The Rarest Cat Breeds. Top 10 (with Photos)

Cat Fanciers’ Association, abbreviated CFA, annually publishes statistics on the number of registrations of cats of different breeds in the world. Only those cat breeds that are recognized by the CFA are taken into account (currently there are 42).

The next report was published in February 2016 and is based on data from registrations of cat breeds from January 1 to December 31, 2015. The breeds in the bottom 10 in this report are among the rarest breeds in the world. It is only necessary to make a reservation that these are the rarest of the CFA-recognized breeds.

10th place. American curl. This breed, bred in the USA in 1981 and distinguished by its special curled back ears, has two varieties: semi-longhaired and shorthaired. Some cat associations recognize the two species as separate breeds. The American curl is quite famous in the United States but rarely found in other countries.

9th place. European Burmese cat. The CFA distinguishes between the Burmese cat itself and its species bred in the UK, calling it the European Burmese.

8th place. Havana. The breed was bred in England in the middle of the last century by crossing between Siamese and black British cats. Until the end of the 90s, the number of catteries breeding this breed did not exceed 12, and the number of Havana cats and cats in the world did not exceed 130. Recently, the popularity of the breed has been growing, but it is still one of the rarest in the world.

7th place. The American Bobtail is a large domestic cat breed, bred from wild North American cats in the 60s of the last century, and in 1989 recognized by three cat associations, including the CFA.

6th place. Korat. In size and color, this breed resembles a Russian blue cat, but the ancestors of this breed are not from Russia, but from Thailand, from where they were brought to the United States in 1959. In Europe and America, only those representatives of the Korat breed who were taken from the province of the same name in Thailand are valued. But only specialists can distinguish them from the blue short-haired Burmese or bluish-silver oriental short-haired.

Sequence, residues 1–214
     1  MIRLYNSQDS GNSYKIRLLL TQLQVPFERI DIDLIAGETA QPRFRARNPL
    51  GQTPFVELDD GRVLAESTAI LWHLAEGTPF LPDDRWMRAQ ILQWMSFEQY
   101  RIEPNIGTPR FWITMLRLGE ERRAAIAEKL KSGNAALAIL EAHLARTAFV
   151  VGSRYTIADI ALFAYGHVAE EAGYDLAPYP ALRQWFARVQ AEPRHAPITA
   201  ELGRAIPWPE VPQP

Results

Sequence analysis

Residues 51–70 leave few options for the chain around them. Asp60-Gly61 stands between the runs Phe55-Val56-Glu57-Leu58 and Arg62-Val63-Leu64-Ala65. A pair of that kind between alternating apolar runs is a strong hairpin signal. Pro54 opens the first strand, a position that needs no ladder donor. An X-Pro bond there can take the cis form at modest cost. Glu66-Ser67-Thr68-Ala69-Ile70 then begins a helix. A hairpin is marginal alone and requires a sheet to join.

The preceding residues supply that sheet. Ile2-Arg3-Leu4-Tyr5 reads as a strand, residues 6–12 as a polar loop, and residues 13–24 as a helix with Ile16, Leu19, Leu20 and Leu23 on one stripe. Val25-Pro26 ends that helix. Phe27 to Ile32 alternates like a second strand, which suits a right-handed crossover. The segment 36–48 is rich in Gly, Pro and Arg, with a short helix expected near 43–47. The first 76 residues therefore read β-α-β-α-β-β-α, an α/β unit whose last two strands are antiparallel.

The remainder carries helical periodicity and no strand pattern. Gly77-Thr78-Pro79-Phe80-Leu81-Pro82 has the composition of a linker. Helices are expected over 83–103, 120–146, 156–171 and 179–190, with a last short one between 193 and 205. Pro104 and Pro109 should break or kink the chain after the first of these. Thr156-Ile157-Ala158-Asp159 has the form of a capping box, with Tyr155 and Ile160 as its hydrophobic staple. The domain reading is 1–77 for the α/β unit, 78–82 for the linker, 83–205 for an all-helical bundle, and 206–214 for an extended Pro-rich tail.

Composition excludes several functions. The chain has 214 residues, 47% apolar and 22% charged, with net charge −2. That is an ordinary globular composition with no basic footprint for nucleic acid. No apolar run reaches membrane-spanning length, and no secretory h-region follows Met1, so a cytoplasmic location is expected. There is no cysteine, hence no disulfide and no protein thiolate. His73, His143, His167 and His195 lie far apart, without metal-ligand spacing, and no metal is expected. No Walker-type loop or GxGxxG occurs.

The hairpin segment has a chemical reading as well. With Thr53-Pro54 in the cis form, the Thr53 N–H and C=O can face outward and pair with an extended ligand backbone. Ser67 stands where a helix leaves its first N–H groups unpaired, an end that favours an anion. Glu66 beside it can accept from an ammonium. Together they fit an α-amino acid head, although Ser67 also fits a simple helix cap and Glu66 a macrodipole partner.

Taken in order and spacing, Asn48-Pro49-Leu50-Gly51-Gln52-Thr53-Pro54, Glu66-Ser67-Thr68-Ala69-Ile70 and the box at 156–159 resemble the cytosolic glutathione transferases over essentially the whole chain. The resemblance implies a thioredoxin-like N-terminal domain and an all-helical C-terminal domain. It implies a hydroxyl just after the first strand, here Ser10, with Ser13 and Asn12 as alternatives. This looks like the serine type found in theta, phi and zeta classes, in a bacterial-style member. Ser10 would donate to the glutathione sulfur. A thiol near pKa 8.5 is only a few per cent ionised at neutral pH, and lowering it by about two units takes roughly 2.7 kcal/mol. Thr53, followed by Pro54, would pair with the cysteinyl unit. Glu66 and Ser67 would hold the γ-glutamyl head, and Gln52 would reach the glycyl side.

5th place. Burmilla. The breed was bred in the UK in 1981 as a result of an unplanned mating of a Persian chinchilla and a lilac Burmese.

4th place. American Wirehaired Cat. This breed emerged as a result of a spontaneous mutation of the American Shorthair cat in 1966. It soon became clear that the mutation is dominant and it is not difficult to breed such cats. Another name for the American wire-haired breed is the wire-haired breed for the appearance of the coat. The degree of effect of such wool is different. Wool hair can be fastened together, or bent. Therefore, if a cat of that breed is combed, the “spring” effect will disappear.

3rd place. Turkish van (another name is Turkish van cat) is one of the oldest breeds of domestic cats. It is a semi-longhaired large cat with a muscular elongated body. It is one of the largest cat breeds. The length of males from nose to the tip of the tail is from 90 to 120 cm, height at the shoulders is 35-40 cm, weight is from 6 to 9 kg. Females are smaller and weigh between 4.5 and 6 kg.

2nd place. LaPerm is a breed of cats with curly hair that appeared in the United States in the 1980s as a result of the free crossing. The breed received official recognition in 1996. LaPerm is one of the most expensive cat breeds.

The rarest cat breed in the world is the Dragon Li (also known as the Chinese Li Hua). The CFA recognized this breed, descended from Chinese feral cats, just 6 years ago – in 2010. It is almost impossible to acquire cats of this breed outside of China. In China itself, the breed is also not numerous. The popularity of this breed is not added by the fact that in appearance it practically does not differ from ordinary mongrel cats.

Alice White

Written by Alice White

Alice White, a devoted pet lover and writer, has turned her boundless affection for animals into a fulfilling career. Originally dreaming of wildlife, her limited scientific background led her to specialize in animal literature. Now she happily spends her days researching and writing about various creatures, living her dream.

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